AWS re:Invent 2017 Day 2 Recap
Yep, it’s been another day of super interesting announcements at re:Invent today. Once again, we provide our highlights from the announcements.
For solutions that need to be global or need protection from the chance of region outages, the ability to natively peer VPCs between regions will be welcome. Until today, you had to manage the inter-region connectivity yourself using VPNs and other infrastructure over the public internet or via a global direct connect solution. Now you can use the AWS global network in a fully managed region-to-region encrypted connection in a manner that is identical to connecting VPCs in the same availability zone today.
So simple yet so powerful.
Alexa for Business
Now you really can shout at the printer!
Today at re:Invent, AWS announced Alexa for Business, changing the way you interact with your office environment. Since forever, we have been limited in the way we interface with digital systems by the technology. As humans, the richest interactions we have with each other are verbal.
Alexa for Business bring voice control to the office. We’ve all had the frustration dealing with setting up the conference call. Alexa for Business aims to simplify that and other office tasks. It ships with integration to office productivity tools like Office365 and G-Suite and to voice solution providers such as Polycom.
We believe this is the start of a revolution in machine interaction, the inflexion point where voice control becomes mainstream.
Being able to efficiently and effectively develop and test code is foundational to every developer. An IDE is the tool that developers rely on.
Today at re:Invent, AWS announced Cloud9, a fully featured cloud integrated IDE that allows developers to write run and debug their code in a browser. The key advantage of Cloud9 is that it eliminates the sometimes cumbersome and painful process of installing tools, compilers and libraries on a local machine before you can even write a line of code. It comes with an execution environment for many languages along with a collaboration tool for good measure.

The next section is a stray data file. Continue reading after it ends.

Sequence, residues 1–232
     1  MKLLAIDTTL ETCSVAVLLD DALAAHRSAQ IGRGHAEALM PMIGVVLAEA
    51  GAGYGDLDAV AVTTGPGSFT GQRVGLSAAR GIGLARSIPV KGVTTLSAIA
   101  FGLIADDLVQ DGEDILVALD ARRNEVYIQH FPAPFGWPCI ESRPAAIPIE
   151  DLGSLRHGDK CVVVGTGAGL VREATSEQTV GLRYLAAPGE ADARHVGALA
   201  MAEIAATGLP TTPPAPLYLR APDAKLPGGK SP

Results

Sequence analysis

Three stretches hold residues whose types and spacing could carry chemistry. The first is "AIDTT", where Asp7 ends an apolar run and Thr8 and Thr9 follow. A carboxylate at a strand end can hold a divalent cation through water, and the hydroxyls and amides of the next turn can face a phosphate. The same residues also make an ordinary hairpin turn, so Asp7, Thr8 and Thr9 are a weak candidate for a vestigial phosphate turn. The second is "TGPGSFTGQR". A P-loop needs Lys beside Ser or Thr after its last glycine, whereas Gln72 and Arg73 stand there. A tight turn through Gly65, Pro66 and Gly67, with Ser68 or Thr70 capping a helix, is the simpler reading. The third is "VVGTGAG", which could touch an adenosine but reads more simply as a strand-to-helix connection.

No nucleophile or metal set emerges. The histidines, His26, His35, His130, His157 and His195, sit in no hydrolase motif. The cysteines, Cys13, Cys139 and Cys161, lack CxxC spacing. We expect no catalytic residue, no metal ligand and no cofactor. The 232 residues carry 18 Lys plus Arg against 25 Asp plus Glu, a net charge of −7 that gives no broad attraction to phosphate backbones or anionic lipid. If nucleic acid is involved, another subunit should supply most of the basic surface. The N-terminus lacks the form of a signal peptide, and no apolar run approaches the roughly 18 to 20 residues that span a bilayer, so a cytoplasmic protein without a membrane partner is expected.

It goes without saying that it is deeply integrated into AWS. The really cool feature of the integration is that it can spin up an EC2 instance or integrate into your existing EC2 fleet. It also supports development for serverless applications using Lambda.
It’s a very flexible and easy way to concentrate on developing your applications for the AWS cloud without having to worry about the heavy lifting of infrastructure and local development platforms.
Systems Manager has been a sub-component of EC2 for a while now. This year at re:Invent, AWS have announced an expansion to a full operations management tool that extends beyond EC2. It’s now a top-level service on its own that offers very rounded operational tool for your AWS services.
Systems Manager is a unified tool that simplifies resource operation and management. It supports most of the foundational services including EC2, S3, ELB, RDS, VPC and Route 53 amongst others. Systems Manager brings these together into one console for visibility, providing a health dashboard. It also integrates some of the other tools such as AWS Config and CloudTrail to provide you a view of compliance. From System Manager you can also manage your fleet through configuration management and patching.
It’s a big step up by AWS, simplifying management of your resources in the Cloud.
New instance types
As well as updates to instance classes that offer more performance at a cheaper price point, two announcements that we are particularly exciting about are T2 unlimited and bare metal instances.
The T2 burstable instance are very popular with our customers. They use credit-based access to higher performance to deal with traffic spikes in a very economical manner. Credits are earnt during low traffic or CPU time and spend during the busy periods. With T2 unlimited, you have access to a longer burst period and can effectively borrow credits and pay them back later. It will open up T2 to a whole additional bunch of workloads.
Base metal instances are a very exciting opportunity. AWS are offering access to the underlying hardware but within the AWS environment and therefore with access to the AWS ecosystem including the VPC based enhanced networking and multiple storage offerings. With bare metal, virtually any x86 based workload can be moved to the AWS cloud.
Still can’t get off that legacy Solaris x86 hardware in your data centre? Well, you can now.
Stayed tuned for more from re:Invent and follow the announcements at https://aws.amazon.com/blogs/.